Introduction: Dead Sea Scrolls

Dr. Torleif Elgvin, Dead Sea Scrolls scholar and
Member of the Official Publication Team of the Scrolls

The Schøyen Collection has since 1994 acquired 115 Dead Sea Scrolls fragments from 26 different Scrolls plus artefacts from the Essene community that hid this important Jewish library from Roman soldiers in AD 68. The fragments were among those found by the Bedouin in cave 1 in Qumran in late 1946, Cave 4 in 1952, and cave 11 in 1956, and subsequently sold to the dealer Kando in Bethlehem. They were in the hands of private proprietors and were not known to the scholarly community before they became part of The Schøyen Collection. The fragments are mainly dated to the Hasmonaean and Herodian periods (1st cent. BC - 68 AD) , and will be published by myself alongside other collaborators. Five texts have previously been published in the official DJD series vols. 26,28,32,37, and 38.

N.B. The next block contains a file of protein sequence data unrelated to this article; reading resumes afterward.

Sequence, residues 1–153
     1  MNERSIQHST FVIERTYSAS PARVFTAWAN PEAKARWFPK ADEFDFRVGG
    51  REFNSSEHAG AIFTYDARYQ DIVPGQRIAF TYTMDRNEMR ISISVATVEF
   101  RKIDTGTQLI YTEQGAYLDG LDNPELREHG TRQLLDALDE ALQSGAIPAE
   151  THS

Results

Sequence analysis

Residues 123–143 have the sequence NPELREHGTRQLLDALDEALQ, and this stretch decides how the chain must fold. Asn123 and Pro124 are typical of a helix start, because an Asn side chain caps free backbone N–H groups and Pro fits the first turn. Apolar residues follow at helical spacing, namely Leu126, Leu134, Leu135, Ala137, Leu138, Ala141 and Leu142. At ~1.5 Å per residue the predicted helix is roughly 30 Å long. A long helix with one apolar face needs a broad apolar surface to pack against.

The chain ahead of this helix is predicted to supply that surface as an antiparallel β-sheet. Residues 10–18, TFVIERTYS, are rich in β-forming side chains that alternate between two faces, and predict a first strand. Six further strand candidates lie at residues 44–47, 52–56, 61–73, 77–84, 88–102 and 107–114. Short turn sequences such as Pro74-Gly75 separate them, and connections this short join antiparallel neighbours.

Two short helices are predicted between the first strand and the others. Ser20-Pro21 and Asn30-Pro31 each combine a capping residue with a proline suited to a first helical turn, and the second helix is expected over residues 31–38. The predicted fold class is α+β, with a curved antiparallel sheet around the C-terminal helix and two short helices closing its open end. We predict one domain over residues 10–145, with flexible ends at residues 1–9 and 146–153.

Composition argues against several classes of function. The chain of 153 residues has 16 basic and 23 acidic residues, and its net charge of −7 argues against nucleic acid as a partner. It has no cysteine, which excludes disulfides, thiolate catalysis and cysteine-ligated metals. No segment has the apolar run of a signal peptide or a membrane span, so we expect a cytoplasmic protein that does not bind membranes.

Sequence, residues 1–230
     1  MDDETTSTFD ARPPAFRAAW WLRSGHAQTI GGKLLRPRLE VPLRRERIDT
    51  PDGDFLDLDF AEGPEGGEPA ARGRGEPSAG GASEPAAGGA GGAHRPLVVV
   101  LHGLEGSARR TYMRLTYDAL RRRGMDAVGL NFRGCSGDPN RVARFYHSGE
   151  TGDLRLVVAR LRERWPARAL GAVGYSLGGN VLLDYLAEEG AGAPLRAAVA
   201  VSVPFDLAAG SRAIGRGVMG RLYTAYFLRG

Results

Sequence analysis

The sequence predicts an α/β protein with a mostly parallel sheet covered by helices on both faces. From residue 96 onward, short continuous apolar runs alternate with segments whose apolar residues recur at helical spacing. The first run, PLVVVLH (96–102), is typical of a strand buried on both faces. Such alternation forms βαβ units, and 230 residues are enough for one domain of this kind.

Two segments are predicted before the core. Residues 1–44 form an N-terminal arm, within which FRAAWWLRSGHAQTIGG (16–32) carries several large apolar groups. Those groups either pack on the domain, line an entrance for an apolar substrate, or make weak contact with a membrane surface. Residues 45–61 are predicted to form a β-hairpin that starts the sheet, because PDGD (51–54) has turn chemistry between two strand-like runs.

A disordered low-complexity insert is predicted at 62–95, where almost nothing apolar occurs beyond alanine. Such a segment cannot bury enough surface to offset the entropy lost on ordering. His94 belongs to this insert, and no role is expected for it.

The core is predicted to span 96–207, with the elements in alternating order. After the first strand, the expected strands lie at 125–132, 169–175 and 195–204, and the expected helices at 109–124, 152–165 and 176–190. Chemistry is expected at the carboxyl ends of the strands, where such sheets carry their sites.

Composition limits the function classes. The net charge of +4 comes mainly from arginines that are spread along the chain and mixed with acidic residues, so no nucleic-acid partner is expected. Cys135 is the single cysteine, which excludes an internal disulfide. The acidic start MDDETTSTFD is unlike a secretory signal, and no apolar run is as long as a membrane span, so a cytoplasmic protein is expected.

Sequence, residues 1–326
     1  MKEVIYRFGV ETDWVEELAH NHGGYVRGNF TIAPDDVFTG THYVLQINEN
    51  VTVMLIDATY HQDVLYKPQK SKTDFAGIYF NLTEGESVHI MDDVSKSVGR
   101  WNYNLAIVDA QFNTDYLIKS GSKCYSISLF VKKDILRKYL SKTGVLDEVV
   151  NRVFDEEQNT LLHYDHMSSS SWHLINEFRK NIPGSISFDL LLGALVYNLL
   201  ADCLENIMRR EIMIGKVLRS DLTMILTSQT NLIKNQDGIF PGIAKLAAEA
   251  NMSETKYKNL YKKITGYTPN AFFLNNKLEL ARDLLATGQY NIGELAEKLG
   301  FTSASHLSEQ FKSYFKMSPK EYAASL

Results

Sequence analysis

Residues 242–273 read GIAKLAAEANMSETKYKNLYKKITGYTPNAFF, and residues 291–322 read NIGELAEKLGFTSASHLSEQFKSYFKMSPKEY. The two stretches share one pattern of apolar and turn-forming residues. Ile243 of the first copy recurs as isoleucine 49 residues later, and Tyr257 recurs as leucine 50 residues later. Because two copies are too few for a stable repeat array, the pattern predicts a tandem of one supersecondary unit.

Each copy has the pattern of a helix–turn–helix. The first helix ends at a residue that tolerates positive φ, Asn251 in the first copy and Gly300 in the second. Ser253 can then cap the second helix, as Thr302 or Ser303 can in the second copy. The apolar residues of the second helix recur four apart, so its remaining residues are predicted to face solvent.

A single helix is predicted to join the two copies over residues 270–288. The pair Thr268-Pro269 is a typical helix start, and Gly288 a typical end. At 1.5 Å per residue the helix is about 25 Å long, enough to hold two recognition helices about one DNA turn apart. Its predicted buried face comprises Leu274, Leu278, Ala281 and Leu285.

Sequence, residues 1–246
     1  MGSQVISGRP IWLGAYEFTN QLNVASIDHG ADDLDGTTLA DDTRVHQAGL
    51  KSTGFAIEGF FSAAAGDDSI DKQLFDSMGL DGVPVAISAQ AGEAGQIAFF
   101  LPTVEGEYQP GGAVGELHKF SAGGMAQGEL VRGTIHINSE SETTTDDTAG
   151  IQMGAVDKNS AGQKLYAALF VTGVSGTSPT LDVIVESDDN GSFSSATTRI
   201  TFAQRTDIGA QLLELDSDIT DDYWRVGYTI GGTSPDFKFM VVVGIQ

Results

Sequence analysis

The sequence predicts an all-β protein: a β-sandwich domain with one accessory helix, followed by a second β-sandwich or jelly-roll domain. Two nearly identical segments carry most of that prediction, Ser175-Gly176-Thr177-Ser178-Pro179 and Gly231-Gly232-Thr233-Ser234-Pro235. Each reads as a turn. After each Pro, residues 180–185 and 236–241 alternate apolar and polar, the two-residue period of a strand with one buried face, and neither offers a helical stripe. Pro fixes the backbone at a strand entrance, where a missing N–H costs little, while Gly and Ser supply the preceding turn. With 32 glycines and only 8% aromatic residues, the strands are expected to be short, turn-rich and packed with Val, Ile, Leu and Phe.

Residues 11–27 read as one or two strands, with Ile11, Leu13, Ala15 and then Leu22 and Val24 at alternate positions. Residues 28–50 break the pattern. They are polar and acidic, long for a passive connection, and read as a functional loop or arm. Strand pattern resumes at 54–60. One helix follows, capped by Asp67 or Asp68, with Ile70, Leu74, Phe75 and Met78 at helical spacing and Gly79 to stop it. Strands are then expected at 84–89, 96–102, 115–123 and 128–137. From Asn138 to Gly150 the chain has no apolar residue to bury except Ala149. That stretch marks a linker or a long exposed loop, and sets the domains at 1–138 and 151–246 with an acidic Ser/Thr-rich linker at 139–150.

This part of the collection includes:

  • Remnants of 16 of the 24 books of the Hebrew Bible, including the five books of the Pentateuch. Several of the fragments preserve important textual variants compared to the traditional Hebrew text (the Masoretic text) and the Septuagint. 12 of these scrolls also have part of the earliest text known of the Bible.
  • A fragment of the apocryphal book of Tobit, and a leather fragment of the apocryphal book 1 Enoch, and further two of the three known papyrus scrolls of 1 Enoch are also in the collection.
  • Fragments from some non-biblical scrolls: Rule of Benedictions from the Manual of Discipline Scroll, the Temple Scroll, the Genesis Apocryphon Scroll, and a fragment of a hitherto unknown text.
  • The original cloth wrapper of the Temple Scroll and a stylus found together with the Temple Scroll in cave 11.
  • A small incense altar, and an inkwell of bronze, asserted to have been found by the bedouin at Qumran before the archaeological excavations there.
  • A scroll jar – one of the pottery jars containing scrolls, which were found by the Bedouin in Cave 1 at Qumran late 1946.

The Dead Sea Scrolls from Qumran is the most important textual find of the 20th century. It has ramifications for biblical studies (Old and New Testament) and for the understanding of early Jewish history and tradition.